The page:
Edited by 1949threepence

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19 minutes ago, 1949threepence said:

We don't add to the problem by importing even more into our midst. Especially completely anonymous ones who can disappear into who knows what woodwork as soon as they arrive.

But the terrorist situation apart, one of the prime reasons for voting out, was the issue of right of free movement for all EU citizens, which would mean that as soon as all those million new migrants in Germany get EU status, as many no doubt will in due course, any number of them are free to come here. As we already have a health service buckling at the seams and a housing/accommodation crisis of massive proportions, we really can't afford to take in too many more.     

 

So do you know your terrorist from your common man? The man on the bus/train/plane could also be one, so how do you judge that? My next point is the most crucial one, if you go to war on a country who has done nothing to your nation what do you expect to happen in the long run? America and Britain both seeked out to invade Iraq on BS grounds of WMDs, nothing found, yet so many innocent civilians are being slaughtered and displaced by the UK and American guns and military hardware, if you don't want the immigrants then leave the bloody country alone, the UK and America started this whole people movement yet when those people want protection from OUR OWN WEAPONS you tell them to piss off. Absolute f*****g joke......Sorry, but there are no grounds that the UK should not take these people that their weapons are slaughtering, nor America, they should also be taking a bulk of them.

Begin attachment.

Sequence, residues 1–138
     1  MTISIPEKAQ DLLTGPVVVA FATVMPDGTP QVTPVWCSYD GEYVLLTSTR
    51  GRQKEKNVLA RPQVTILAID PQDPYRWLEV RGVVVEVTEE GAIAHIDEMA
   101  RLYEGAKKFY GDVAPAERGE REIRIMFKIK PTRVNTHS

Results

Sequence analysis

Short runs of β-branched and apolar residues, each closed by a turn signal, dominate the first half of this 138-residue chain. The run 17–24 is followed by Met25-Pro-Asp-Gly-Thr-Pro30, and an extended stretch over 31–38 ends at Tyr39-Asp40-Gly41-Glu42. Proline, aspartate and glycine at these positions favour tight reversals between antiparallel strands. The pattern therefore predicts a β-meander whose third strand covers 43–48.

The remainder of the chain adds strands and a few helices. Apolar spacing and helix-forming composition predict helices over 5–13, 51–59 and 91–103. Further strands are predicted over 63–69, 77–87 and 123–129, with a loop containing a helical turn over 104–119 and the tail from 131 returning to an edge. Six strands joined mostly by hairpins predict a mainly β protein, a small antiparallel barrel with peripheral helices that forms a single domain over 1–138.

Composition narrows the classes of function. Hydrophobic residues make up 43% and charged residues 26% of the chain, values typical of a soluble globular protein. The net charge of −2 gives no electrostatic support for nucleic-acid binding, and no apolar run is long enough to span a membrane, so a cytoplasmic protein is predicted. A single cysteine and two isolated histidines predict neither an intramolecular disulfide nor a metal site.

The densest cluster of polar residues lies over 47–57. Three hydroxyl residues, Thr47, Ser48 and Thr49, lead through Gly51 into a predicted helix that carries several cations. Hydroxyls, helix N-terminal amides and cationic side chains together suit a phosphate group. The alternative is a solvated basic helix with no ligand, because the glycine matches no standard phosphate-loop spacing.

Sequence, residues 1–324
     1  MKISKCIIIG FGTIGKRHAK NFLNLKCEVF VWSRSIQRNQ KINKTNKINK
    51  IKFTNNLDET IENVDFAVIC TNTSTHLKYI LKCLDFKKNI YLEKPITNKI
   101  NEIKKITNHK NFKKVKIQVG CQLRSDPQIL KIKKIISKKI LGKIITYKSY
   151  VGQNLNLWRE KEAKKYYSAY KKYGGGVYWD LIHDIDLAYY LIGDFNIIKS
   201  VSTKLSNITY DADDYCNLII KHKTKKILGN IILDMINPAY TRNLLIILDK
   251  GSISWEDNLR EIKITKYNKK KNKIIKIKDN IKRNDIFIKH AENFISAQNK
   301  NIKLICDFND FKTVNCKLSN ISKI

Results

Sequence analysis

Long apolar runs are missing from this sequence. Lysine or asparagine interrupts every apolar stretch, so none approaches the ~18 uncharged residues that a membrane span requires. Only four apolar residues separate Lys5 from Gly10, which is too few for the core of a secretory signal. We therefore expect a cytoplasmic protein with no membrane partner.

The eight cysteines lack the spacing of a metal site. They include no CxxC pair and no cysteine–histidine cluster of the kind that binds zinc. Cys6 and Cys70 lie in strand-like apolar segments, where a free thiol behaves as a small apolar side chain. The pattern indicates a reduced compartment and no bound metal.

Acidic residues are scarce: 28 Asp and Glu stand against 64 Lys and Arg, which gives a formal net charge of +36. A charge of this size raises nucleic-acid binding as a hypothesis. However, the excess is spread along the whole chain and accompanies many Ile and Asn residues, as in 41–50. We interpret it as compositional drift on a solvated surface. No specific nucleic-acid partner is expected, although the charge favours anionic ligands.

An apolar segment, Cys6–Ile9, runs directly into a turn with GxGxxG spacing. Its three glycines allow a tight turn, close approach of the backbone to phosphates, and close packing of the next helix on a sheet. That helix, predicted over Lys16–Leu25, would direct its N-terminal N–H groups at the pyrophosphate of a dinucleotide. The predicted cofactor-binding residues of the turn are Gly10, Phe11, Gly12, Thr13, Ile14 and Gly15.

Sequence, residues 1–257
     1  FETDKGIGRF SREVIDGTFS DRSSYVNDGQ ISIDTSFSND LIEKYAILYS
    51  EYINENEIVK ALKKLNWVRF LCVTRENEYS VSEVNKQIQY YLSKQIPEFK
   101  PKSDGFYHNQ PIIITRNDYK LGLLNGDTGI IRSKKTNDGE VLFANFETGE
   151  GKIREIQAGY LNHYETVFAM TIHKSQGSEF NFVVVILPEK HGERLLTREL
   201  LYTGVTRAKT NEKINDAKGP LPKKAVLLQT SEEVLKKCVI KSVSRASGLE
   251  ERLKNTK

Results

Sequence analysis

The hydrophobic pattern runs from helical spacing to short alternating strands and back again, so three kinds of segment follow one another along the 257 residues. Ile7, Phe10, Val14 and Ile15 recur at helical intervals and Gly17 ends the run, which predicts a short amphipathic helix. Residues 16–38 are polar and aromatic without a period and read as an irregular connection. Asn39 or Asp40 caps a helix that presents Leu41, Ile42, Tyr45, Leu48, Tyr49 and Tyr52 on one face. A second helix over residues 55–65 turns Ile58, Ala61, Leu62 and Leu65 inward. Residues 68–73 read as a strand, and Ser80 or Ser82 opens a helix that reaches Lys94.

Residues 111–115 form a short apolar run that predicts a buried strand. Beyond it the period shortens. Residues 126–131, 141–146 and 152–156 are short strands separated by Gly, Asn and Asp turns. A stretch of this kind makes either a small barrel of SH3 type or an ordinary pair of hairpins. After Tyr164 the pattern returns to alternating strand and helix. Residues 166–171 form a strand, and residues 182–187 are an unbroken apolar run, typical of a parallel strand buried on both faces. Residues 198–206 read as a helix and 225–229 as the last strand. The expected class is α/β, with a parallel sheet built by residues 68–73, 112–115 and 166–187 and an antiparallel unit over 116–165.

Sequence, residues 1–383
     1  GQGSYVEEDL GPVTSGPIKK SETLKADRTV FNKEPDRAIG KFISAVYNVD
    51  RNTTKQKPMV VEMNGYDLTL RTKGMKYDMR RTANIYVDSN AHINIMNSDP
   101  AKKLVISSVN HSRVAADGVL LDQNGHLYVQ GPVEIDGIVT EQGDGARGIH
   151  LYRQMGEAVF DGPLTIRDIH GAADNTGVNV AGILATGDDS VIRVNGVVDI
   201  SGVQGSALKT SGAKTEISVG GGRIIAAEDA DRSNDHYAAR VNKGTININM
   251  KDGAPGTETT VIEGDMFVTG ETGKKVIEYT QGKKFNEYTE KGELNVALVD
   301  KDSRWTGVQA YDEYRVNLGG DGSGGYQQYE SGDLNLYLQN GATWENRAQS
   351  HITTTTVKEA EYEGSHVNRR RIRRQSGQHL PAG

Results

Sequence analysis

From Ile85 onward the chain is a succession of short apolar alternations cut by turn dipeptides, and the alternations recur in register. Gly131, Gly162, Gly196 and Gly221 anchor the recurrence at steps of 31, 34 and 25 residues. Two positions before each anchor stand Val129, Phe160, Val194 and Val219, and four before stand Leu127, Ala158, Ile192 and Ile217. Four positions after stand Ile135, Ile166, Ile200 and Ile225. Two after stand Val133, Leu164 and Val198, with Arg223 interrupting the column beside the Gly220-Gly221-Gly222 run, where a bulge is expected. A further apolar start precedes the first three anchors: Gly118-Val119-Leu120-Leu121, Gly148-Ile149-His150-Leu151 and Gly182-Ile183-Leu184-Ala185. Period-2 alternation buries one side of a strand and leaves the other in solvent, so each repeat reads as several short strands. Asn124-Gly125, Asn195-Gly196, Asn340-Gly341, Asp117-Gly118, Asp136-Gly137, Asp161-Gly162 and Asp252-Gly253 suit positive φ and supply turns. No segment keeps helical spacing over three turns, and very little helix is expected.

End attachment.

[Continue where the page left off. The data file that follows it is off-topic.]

Just to add to the point, you said the NHS is buckling, yet there's enough cash for a war, strange one that.....Use the war money to help the NHS, that should add 25,000 nurses and 50 new hospitals......

Edited by azda

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1 hour ago, azda said:

So do you know your terrorist from your common man? The man on the bus/train/plane could also be one, so how do you judge that? My next point is the most crucial one, if you go to war on a country who has done nothing to your nation what do you expect to happen in the long run? America and Britain both seeked out to invade Iraq on BS grounds of WMDs, nothing found, yet so many innocent civilians are being slaughtered and displaced by the UK and American guns and military hardware, if you don't want the immigrants then leave the bloody country alone, the UK and America started this whole people movement yet when those people want protection from OUR OWN WEAPONS you tell them to piss off. Absolute f*****g joke......Sorry, but there are no grounds that the UK should not take these people that their weapons are slaughtering, nor America, they should also be taking a bulk of them.